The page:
HTTP served Internet users well for many years. Unfortunately, given today’s cybercrime-ridden web, it has one crucial flaw — it’s not secure. That means data in transit can be stolen or manipulated.
HTTPS is secure and shows visitors https:// in the browser bar indicating encryption is authenticating the server and protecting transmitted information. So, it’s easy to understand why web browsers are now requiring it as a basic standard.
How do I get HTTPS?
SSL Certificates enable HTTPS — so the sooner you install one on all your webpages, the better. But, remember, website security is about more than encrypting data. Ensuring who’s on the other end of the data transfer is equally, if not more, important so making sure you have the right level of identity validation matters.
Choosing the right SSL certificate can be confusing, but it doesn’t have to be. We’re here to help you sort through your options and find the most cost-effective way to meet the July 1, 2018, deadline and boost your bottom line.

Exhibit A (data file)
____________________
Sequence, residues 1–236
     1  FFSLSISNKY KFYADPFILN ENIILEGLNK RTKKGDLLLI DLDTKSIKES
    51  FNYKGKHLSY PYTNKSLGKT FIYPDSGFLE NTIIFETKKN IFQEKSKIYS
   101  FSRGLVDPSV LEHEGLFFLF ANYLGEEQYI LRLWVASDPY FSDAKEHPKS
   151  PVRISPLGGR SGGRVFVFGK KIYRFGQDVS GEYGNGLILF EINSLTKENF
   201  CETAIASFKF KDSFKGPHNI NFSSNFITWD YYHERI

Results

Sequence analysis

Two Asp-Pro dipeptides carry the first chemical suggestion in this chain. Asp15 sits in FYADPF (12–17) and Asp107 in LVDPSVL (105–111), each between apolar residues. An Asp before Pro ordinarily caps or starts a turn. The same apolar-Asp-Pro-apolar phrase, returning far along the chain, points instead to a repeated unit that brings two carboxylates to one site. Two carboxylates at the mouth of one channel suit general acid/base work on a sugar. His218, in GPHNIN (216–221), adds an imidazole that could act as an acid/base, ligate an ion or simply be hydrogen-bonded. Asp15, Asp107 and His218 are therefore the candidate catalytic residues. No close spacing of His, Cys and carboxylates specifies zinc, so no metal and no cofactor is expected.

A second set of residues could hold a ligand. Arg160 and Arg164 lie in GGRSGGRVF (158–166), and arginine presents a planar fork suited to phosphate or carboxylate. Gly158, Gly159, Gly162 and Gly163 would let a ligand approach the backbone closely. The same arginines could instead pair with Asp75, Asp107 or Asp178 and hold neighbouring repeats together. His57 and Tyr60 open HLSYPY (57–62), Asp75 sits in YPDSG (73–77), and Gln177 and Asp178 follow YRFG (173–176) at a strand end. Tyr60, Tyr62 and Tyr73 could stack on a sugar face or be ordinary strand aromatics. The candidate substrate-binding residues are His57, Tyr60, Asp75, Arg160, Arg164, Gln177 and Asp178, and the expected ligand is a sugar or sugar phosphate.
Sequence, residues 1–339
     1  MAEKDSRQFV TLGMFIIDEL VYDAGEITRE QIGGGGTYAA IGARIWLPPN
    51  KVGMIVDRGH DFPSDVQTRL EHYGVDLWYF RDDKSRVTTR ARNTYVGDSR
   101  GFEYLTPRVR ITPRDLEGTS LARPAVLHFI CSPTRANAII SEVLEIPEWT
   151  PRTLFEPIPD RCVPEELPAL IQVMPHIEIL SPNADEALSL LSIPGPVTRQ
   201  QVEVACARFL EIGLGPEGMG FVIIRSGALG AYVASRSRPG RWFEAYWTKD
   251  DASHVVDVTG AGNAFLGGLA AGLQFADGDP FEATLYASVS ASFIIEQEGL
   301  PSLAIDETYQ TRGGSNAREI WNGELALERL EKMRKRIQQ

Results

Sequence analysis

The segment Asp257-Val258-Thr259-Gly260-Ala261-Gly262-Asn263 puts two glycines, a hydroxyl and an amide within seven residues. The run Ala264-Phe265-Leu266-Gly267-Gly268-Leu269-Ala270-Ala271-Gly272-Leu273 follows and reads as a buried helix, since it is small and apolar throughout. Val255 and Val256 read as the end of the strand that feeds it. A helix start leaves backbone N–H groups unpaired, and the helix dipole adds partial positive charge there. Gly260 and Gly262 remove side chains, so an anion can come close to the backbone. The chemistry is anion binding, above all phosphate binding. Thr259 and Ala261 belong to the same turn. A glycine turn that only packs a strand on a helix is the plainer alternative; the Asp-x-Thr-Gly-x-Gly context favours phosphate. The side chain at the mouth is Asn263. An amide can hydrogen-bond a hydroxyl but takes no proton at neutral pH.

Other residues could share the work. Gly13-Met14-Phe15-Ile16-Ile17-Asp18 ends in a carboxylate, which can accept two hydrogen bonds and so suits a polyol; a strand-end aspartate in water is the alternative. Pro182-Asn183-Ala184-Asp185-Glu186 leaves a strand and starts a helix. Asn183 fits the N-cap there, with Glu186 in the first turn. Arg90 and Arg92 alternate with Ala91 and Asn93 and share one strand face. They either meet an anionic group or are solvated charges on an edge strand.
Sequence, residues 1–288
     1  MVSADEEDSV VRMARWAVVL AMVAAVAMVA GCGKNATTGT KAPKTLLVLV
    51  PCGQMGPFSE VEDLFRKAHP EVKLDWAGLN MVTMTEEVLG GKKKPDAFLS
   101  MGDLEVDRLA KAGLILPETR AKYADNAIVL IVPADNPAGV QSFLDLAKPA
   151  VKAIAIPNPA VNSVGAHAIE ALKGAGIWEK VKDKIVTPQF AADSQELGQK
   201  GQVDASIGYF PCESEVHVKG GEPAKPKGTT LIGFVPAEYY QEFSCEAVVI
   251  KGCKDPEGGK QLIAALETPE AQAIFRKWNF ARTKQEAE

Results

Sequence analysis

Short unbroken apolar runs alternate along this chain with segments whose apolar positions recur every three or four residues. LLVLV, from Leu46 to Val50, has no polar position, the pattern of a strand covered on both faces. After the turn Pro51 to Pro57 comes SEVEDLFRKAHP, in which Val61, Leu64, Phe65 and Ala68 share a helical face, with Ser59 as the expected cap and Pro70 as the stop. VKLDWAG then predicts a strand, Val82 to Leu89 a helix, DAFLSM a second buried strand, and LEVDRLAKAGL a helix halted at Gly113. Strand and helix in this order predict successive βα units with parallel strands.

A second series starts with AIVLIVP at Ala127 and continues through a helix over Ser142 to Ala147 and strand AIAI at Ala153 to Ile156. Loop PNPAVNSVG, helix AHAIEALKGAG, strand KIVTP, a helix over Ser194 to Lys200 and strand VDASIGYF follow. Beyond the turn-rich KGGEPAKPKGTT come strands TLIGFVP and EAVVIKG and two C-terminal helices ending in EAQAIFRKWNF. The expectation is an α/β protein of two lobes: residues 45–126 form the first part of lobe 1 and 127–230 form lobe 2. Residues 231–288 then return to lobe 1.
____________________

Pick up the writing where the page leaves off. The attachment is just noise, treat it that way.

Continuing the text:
You’ve probably already read about one of the most widespread security issues in modern computing history — colloquially known as “Meltdown” (CVE-2017-5754) and “Spectre” (CVE-2017-5753 and CVE-2017-5715) — affecting practically every computer built in the last 20 years, running any operating system.
Spectre and Meltdown are the names of the flaws found in a number of processors from Intel, ARM and AMD that could allow hackers to access passwords, encryption keys and other private information from open applications.
So far it doesn’t look like the Spectre or Meltdown flaws have been used in an attack, and device manufacturers are working with Intel, ARM and AMD to fix these flaws. The exploits can’t corrupt, modify or delete data.
Hopefully future processors should be free from the Spectre and Meltdown security flaws. So, don’t be too alarmed, but keep an eye on any updates your device offers.
We shall be patching our Shared Hosting and VPS/Dedicated Server infrastructure very soon. However, if you have VPS/Dedicated Server package(s) with us, please perform the updates fro your Operating System.
Please Note: Applying the patches may have a negative impact on overall performance.